So you can add Dany Heatley to the bunch crashing the NHL's Stanley Cup party.
They were ready to hand out the Cup last night, but the revelation the Senators winger has asked GM Bryan Murray to trade him is yet another story overshadowing what should be the NHL's showcase event, at least here in the Ottawa.
The Phoenix Coyotes' bankruptcy case was gearing up again yesterday, Brent Sutter announced he was leaving the New Jersey Devils for "family reasons" (I guess going to work at some point for his brother in Calgary is a "family reason"). Jacques Martin left the Florida Panthers to be introduced as the coach of the Montreal Canadiens ... the news outside Detroit and Pittsburgh has certainly been bigger and juicier than the latest X-ray of Pavel Datsyuk's foot.
These playoffs have been one of the best in recent memory.
The sideshows off the ice have been even better.
Here in Ottawa, it doesn't get more interesting than the club's former 50-goal scorer asking for a trade.
The Heatley camp apparently expressed its unhappiness with Heatley's situation here about a week ago, the second time in as many NHL stops Heatley has asked for a change in scenery.
Speculation about Heatley's unhappiness should focus on his relationship with rookie coach Cory Clouston, who replaced Craig Hartsburg, who was fired early in February. Clouston's intensity, demand for work in practice and accountability in games made the Senators; environment less comfortable for some than it had been under Hartsburg.
Clouston's arrival and his no-nonsense approach also coincided with a reversal in the Senators' fortunes on the ice. The Senators were 19-11-4 under Clouston to finish the season.
Clouston was surprisingly blunt in his evaluation of Heatley's play shortly after the coach's arrival:
"(Heatley's) got a ways to go. He's learning a new system, it's a lot more of a pressure system. He's got to move his feet a little more. But he's getting there, he's getting close.
"My assessment might be different than other people's. He's not where we want him to be and neither is the whole team in general. He's not different. Some guys take a little bit longer. He's obviously not used to a pressure game and being in exact spots where we want him to be. Sometimes it may look like he's not skating when actually he's trying to think a little more rather than react," said Clouston.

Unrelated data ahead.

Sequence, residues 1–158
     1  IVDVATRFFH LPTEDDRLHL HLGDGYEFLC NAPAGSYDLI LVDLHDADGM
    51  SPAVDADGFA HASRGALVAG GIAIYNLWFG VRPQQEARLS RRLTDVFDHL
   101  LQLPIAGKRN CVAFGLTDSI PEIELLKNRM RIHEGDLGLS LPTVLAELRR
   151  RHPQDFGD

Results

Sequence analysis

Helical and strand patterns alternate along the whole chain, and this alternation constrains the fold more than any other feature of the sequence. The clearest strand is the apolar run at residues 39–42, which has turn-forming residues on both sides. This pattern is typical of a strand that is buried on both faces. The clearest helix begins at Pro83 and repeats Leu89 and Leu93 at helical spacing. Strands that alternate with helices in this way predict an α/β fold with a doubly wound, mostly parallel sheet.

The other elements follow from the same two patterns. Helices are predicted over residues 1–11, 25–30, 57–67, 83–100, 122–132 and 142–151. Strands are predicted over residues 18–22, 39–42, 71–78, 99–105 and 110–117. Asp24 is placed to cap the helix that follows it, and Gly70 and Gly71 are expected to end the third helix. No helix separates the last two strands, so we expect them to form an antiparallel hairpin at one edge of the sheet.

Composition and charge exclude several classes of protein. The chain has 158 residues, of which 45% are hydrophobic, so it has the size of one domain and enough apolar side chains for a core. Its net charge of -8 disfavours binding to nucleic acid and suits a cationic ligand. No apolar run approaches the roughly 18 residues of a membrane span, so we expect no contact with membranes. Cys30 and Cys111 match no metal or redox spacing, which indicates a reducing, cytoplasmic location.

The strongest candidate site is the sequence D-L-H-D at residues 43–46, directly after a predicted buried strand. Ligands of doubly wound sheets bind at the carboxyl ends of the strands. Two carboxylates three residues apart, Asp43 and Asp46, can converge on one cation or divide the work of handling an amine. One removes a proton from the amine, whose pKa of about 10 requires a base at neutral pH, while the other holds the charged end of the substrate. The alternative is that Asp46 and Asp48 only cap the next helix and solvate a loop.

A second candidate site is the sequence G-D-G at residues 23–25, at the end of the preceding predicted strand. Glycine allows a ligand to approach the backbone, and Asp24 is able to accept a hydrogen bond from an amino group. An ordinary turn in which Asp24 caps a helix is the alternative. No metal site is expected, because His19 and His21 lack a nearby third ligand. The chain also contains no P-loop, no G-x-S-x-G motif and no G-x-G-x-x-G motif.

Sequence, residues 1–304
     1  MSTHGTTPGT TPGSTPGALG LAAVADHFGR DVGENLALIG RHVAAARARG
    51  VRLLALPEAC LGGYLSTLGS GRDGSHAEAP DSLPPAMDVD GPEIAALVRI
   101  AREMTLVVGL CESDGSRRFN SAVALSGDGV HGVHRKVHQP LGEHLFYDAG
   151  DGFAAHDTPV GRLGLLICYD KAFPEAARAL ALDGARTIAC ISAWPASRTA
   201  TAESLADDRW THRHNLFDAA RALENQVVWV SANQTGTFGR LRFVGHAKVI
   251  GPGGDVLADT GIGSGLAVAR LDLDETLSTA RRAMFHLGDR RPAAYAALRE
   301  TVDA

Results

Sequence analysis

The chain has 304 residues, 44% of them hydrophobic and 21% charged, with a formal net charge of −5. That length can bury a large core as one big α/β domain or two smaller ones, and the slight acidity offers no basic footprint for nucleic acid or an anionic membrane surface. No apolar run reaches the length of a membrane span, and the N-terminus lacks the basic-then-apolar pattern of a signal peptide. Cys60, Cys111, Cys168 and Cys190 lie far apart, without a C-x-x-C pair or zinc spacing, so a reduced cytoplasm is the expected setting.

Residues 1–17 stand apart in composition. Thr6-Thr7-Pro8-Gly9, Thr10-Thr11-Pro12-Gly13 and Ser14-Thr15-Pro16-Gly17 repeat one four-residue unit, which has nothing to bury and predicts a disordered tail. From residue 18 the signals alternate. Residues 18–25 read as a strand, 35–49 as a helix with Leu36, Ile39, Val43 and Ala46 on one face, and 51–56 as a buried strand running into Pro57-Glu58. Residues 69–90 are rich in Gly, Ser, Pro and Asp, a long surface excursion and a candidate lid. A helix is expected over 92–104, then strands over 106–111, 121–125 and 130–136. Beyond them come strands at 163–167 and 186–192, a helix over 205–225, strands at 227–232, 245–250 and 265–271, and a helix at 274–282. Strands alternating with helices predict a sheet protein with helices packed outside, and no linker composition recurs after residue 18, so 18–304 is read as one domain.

Nobody likes criticism, but Heatley has always displayed a particulary thin skin when anything close to a disparaging word was spoken about his play.
Both sides did their expected spinning the day after Clouston's remarks, sang Kumbaya and some in the media dismissed the idea of a rift.
Heatley's desire to get out of here would seem to validate speculation on their relationship, but you want to give a guy the benefit of the doubt.
Maybe Heatley has just outgrown Ottawa and wants a change, maybe to a more knowledgable hockey market where fans and media just don't evaluate players' performance on how many goals they score -- though that would seem to be the reason why some players get more money than others.
So, where to from here?
Heatley is a gifted goal-scorer and has lots of value. Getting equal value is always difficult in these "trade me" situations, but there are teams out there -- the Edmonton Oilers, Los Angeles Kings, St. Louis Blues, Minnesota Wild and Vancouver Canucks -- who could have the cap space and a need for a player like Heatley and some interesting players to give up in return. The Canucks could lose the Sedin twins and if they're going to keep goaltender Roberto Luongo past next season, they need to replenish their offence and continue to be perceived as a contender.
Another thing: Is it safe to assume Heatley's no-movement clause is irrelevant now? (A guy wouldn't ask for a trade and then veto a destination he didn't like, would he? Could he?)
The bottom line: Rather than looking at this news as a negative for the Senators, it can be seen as an opportunity, a chance to positively change the nucleus of the Senators, a nucleus that has been backsliding since getting to the Stanley Cup final a couple of years ago.
THE HEATLEY LINE
-POSITION: Left Wing
-BORN: Freiburg, Germany
-DRAFTED: 2nd overall by Atlanta in 2000
-TRADED: From the Thrashers to the Senators in 2005 -- for Marian Hossa and Greg de Vries
-STATS: Best season was 2006-07 when he had 50 goals and 55 assists ... His 50-goal season in 2005-06 was the first time a Senators player had reached that plateau ... Was inconsistent this season, with 39 goals and 33 assists -- with his plus-minus slipping from +33 to -11.